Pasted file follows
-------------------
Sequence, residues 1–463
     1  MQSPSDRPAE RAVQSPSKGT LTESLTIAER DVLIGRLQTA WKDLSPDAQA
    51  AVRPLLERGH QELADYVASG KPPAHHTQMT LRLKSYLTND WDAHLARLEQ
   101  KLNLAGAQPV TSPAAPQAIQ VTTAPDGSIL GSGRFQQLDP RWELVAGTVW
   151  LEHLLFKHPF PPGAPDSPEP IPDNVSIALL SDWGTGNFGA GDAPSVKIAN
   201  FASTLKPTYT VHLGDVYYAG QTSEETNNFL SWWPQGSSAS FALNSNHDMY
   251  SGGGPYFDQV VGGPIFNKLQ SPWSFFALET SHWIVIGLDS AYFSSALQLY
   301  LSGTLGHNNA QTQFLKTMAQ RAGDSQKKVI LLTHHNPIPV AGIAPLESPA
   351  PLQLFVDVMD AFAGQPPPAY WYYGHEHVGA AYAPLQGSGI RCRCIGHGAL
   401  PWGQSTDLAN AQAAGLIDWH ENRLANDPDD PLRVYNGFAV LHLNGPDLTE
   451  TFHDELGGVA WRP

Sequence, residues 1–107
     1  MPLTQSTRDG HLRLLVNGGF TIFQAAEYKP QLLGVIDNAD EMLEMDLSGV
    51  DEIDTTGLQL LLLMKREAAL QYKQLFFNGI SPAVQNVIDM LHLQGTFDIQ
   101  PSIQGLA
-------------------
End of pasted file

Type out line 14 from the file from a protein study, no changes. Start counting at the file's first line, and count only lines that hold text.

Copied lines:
    51  DEIDTTGLQL LLLMKREAAL QYKQLFFNGI SPAVQNVIDM LHLQGTFDIQ